Deployments are difficult for everyone involved. During crises it can help to have support. Air Force Family Readiness is a service organization that helps service members and their dependents with information and referrals for counseling, benefits, entitlements and resources for duty relocations, employment and much more.
About Family Readiness
Air Force Family Support Centers have been renamed as Air Force Family Readiness. Funded by the Department of Defense, it assists single and married Active Duty members, Department of Defense Civilian Personnel, Guard and Reserve members while on active duty, military retirees, and eligible family members.
Their mission is to support "individuals, families, and leadership with programs and services to strengthen communities, encourage self-sufficiencey, enhance mission readiness and easy adaptation to the Air Force way of life," according to Wright Patterson Air Force Base Family Readiness.
Core mission areas include:
- Information and referral
- Family services
- Readiness - Assist with pre-deployment planning
- Financial services
- Employment services
- Volunteer opportunities
- Relocation services
- Transition assistance
- Spouse support
While each Air Force Family Readiness office can differ in the services they provide, many of them have the following services:
- Benefits and entitlements information
- Briefings about deployments
- Employment search assistance
- Financial management
- Emergency financial assistance
- Relocation assistance
- Integration into the local community
- Referral services to third-party support agencies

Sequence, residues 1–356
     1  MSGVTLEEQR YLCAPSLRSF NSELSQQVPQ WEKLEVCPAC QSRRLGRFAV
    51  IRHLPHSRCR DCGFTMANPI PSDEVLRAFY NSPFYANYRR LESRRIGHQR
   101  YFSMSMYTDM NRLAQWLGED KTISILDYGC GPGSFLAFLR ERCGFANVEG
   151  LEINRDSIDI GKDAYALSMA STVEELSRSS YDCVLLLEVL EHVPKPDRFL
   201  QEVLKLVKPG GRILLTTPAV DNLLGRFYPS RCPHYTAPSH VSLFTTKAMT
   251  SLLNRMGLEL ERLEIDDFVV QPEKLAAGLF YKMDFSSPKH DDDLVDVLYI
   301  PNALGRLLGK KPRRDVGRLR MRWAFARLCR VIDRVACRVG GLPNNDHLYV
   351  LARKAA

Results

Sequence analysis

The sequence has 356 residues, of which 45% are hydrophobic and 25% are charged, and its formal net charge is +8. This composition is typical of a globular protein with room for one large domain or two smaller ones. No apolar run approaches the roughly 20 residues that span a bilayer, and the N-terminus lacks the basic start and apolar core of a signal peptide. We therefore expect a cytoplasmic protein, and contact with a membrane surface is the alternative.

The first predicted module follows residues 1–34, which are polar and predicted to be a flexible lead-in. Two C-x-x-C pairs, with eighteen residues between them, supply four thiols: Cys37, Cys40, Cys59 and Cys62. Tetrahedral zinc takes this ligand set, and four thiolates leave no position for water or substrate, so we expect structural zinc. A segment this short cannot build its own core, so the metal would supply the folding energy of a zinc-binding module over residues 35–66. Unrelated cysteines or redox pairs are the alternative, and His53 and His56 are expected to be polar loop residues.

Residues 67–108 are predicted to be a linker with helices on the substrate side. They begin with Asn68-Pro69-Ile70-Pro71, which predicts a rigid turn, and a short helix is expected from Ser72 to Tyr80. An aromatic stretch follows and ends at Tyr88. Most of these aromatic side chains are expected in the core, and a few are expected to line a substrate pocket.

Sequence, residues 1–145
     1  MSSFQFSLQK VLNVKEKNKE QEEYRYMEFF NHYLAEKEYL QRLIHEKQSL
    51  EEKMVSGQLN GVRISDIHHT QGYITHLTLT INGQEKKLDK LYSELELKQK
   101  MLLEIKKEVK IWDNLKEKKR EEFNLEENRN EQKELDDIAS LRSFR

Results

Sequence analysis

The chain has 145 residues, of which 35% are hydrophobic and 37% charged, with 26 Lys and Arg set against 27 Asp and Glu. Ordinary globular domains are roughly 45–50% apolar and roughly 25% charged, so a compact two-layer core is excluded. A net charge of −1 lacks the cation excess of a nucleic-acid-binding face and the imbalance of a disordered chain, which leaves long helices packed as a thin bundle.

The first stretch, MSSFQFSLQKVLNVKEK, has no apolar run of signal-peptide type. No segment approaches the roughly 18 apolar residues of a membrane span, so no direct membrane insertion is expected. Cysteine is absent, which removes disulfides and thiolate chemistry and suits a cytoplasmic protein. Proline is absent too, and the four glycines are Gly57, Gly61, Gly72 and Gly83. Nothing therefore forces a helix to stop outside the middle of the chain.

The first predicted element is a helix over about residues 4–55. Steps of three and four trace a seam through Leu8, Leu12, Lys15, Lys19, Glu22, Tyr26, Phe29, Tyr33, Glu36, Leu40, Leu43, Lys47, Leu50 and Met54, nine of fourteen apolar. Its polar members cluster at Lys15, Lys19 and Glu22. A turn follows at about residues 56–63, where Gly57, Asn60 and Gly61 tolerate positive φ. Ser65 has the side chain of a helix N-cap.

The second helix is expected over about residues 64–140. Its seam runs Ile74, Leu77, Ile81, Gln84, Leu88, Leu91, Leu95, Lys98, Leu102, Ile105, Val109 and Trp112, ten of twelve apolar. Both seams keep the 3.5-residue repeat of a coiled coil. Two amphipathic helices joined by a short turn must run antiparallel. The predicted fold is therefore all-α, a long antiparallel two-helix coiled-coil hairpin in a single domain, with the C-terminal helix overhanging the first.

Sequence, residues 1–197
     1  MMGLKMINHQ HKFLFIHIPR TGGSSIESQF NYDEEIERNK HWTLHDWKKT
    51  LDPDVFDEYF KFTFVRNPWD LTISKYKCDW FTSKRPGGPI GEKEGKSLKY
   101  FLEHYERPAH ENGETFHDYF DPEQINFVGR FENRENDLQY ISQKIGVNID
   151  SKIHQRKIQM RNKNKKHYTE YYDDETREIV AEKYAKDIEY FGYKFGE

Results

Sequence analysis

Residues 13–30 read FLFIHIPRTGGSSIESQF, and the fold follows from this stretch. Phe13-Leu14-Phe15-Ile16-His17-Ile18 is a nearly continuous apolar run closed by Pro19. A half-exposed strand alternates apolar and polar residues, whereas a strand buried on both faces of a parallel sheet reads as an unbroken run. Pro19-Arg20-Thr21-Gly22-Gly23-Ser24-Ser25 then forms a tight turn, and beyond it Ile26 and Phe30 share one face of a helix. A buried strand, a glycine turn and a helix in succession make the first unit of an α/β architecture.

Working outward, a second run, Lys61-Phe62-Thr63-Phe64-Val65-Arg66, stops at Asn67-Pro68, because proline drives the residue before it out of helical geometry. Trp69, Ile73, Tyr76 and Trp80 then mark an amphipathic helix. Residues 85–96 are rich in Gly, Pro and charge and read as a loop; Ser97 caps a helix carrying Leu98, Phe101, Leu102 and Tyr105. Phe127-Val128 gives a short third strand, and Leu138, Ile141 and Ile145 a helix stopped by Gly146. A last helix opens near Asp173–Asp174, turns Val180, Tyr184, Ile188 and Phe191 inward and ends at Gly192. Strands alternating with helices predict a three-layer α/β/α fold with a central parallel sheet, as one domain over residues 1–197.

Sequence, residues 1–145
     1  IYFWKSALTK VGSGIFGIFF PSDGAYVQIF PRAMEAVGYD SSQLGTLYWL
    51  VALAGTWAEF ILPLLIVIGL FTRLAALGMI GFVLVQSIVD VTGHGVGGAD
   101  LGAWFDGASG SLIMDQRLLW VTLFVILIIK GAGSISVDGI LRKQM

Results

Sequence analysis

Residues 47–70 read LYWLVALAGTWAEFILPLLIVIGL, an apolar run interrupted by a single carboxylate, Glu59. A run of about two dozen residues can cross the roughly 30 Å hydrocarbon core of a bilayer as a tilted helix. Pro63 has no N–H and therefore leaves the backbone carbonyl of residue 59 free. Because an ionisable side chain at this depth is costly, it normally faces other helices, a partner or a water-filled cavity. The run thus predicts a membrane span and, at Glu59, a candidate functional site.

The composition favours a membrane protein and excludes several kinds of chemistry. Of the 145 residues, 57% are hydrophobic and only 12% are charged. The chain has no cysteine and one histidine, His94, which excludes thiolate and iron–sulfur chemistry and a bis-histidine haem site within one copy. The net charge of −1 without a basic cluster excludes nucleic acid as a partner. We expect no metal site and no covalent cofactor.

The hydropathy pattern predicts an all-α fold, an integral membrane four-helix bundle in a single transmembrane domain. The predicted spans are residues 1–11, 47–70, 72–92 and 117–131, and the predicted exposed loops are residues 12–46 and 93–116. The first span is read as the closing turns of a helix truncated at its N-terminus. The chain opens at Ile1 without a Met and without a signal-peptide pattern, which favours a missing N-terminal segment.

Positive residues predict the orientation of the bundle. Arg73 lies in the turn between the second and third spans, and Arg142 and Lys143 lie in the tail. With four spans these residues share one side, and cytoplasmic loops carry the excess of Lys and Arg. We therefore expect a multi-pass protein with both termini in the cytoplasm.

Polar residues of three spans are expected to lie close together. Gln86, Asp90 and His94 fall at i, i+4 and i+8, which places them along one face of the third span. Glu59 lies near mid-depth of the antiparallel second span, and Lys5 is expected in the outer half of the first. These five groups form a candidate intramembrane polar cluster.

- Transition assistance when retiring from the military
Programs for Military Families
Key Spouse Program
The Key Spouse Program offers peer-to-peer support for airmen and their dependents. The program is overseen by a Commander and a First Sergeant, but staffed by volunteers. These volunteers can be a spouse of an officer, an enlisted Airman, a Department of Defense civilian or other qualified person.
The primary role of Key Spouses is to bridge communication between Airmen and dependents separated by deployments. They communicate with the Unit Commander and First Sargeant to transfer important information such as family emergencies or service member injuries. Key Spouses also serve as role models for military families and remain available for support.
The Wounded Warrior program is solely funded by donations. It helps injured veterans remain on active duty or provide services through the AFW2 program if discharge is needed.
Services included in the AFW2 program are:
- Advocacy to ensure wounded service members receive assistance needed
- Connect military members and dependents with the Joint Family Support Program
- Coordinate benefits counseling and services with Department of Verterans Affairs, Department of Labor, Social Security Administration, Tricare and Department of Defense.
For more information about Wounded Warrior, call Military OneSource Resource Call Center at 1-800-342-9647.
Where to Find Family Readiness Offices
Family Readiness offices are generally offered through your base or reserve command. You can also speak to your First Sergeant or Commander for more information.
Take Advantage of Assistance
The military offers a wealth of information and supports to help both service members and their dependents. They acknowledge military life is difficult and they want to make it easier on everyone by providing as much help as possible. Take advantage of it because you deserve it.